Despite recent critiques, modernism has hardly ended; its dysfunctionality continues to be churned out in new versions. The post- of modernism thereby in its most common contemporary examples is a mere continuation of the same minimal, steel, concrete, and glass forms – rather than being anything radically new and different — after modernism enters neo-modern chic. In contemporary art practices that employ the forms of modern design, there is a broad affirmation of the fact that modernism did go wrong, yet there is everywhere the complacent confirmation of; yet here it is! Rather than invoking a game-over-end-all stance, many contemporary artworks rather seem to investigate the implications of a profoundly ideologically dysfunctional system that is still stylistically in place. Many works even exhibit a sense of tongue-in-cheek nostalgia, longing for the original forms that most contemporary structures are somehow always unconsciously dedicated homages to. Tom Sachs, as if in an attempt to revisit and celebrate the traditional structures, redoes traditionally uncelebrated segments from classical structures (the staircase of a Le Corbusier housing project, for example) in small-scale, highly detailed models. Artists like Jorge Pardo, Andrea Zittel and Tobias Rehberger do not redo the modern, but instead reference these architectural parameters as inevitable traces on their newly fashioned, abbreviated architectural forms.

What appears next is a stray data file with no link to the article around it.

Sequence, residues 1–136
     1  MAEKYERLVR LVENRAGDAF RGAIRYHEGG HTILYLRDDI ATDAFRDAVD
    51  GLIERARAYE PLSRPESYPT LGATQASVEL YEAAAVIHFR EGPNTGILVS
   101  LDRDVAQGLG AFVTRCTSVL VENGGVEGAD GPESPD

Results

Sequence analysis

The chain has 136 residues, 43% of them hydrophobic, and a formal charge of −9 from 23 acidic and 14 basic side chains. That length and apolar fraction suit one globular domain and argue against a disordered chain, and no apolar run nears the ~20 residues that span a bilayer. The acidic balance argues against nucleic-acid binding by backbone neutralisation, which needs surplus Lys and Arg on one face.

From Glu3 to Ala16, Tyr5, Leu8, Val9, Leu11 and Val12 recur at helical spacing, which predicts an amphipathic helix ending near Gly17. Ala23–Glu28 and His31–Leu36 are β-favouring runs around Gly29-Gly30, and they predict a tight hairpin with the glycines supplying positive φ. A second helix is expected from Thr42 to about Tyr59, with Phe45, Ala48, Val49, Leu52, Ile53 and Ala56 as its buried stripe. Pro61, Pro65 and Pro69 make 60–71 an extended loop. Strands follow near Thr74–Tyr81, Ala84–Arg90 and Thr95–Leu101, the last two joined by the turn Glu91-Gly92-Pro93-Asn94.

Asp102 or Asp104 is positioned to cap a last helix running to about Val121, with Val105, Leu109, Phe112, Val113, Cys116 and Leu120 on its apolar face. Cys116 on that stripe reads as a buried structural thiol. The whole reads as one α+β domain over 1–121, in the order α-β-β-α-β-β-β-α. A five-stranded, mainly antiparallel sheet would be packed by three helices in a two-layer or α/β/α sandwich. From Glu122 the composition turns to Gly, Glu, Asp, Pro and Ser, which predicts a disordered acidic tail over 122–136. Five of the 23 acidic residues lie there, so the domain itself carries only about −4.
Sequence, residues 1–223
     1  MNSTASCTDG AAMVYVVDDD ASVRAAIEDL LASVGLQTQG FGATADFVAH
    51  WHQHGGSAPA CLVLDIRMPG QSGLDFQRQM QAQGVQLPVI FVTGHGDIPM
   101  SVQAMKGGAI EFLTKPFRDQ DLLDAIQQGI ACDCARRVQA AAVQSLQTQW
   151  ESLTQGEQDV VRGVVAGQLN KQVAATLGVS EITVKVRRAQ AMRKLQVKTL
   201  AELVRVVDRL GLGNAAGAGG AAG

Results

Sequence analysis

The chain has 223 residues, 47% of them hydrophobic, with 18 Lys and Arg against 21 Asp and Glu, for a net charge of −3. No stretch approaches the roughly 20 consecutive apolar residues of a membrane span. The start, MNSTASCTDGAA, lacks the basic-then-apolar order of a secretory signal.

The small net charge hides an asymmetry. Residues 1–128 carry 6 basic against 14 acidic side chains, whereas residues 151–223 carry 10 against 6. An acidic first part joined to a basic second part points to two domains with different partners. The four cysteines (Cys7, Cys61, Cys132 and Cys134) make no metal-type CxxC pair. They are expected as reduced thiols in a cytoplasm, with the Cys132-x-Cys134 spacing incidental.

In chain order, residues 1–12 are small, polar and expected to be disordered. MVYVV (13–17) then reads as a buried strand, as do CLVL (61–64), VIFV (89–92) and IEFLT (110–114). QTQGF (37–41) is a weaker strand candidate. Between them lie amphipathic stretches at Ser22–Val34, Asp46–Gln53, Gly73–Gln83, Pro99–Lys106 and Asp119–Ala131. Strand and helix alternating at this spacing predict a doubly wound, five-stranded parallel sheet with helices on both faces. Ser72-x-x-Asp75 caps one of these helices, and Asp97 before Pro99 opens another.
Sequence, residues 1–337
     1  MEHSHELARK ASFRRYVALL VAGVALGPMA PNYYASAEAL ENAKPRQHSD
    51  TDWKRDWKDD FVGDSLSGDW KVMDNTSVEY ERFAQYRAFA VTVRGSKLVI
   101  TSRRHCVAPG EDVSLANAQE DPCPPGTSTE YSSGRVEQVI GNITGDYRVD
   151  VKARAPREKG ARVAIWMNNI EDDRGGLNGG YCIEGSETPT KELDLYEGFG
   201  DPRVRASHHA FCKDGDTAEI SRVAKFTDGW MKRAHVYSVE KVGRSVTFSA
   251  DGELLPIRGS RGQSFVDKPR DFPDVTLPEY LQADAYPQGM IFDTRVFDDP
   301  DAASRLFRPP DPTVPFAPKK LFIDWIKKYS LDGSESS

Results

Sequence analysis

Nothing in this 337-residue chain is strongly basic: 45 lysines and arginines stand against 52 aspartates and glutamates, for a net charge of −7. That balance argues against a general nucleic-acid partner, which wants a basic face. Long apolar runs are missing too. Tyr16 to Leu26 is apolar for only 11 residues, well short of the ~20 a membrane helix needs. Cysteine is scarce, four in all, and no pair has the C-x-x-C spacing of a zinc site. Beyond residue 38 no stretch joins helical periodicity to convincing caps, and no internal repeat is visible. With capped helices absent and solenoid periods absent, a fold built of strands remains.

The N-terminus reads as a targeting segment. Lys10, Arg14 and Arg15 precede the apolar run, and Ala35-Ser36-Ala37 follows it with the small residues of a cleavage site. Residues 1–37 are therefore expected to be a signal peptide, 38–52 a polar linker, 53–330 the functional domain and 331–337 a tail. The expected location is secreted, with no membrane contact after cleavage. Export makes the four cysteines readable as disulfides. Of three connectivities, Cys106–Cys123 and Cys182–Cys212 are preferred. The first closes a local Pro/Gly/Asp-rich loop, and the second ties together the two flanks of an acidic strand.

Many artworks exhibit refractions of architecture into different multi-media manifestations that grapple with its produced and reproduced faults. Kevin Appel has created several four-panel paintings that wrap the room of the gallery. When standing centrally in the room, a perspectival rendering of a modernist house, perceived from the vantage point of the gallery-turned-interior-courtyard unfolds. Here, all the stylistic parameters of modernism are in place, the blank surfaces, and the grid-like organization. Modernism is evoked, but it is as if this modernism has been stripped even barer than the forms from which it was derived. It is a synthetic modernism that was created digitally on the basis of Appel’s modernist fantasies. Appel then extracted these images from their virtual spatiality and flattened them onto canvases to produce a painted illusion of depth. The architectural edifice is brought about by washes of paint in pastel tones of blue, green, and gray, profoundly confusing otherwise clear-formed divisions between white wall and transparent glass plane, between transparency and opacity. Kevin Appel exhibits Bauhaus precision in eliminating ornament, paring the structure down, to an exhibition of its functions upon the surface alone. Here, all that is left is the stylistics, completely vacated from ideological content. The modernist dualities have broken down to singular elements — here exterior and form have canceled out interior and function. Despite architectural simulation, Appel’s works guard the specificities of the painted medium. Like much perspective-oriented painted surfaces, the compositions lead the gaze inward, while at the same time constantly keeping the spectator conscious of the fallacy of the surface. Similarly, the architectural rendering in their compositions of lines and blocks of color constantly hover between coming together as space, while exhibiting a parallel pull towards the dissolution into abstraction. Hovering in a liminal zone, this domesticity is situated somewhere between surface and image – between a 3D rendering, an architectural structure, and a painted surface. The spectator is stuck in a resonant flatness, the illusion continually fails to convince. As if a space that has frozen into an image of its former presence, modern architecture has become a distant ideal construct that has been reduced to the flatness of aesthetic illusionism. The surfaces of modernism have here been officially vacated. These structures clamp down on all attempts at entry — they are neither inhabited nor inhabitable.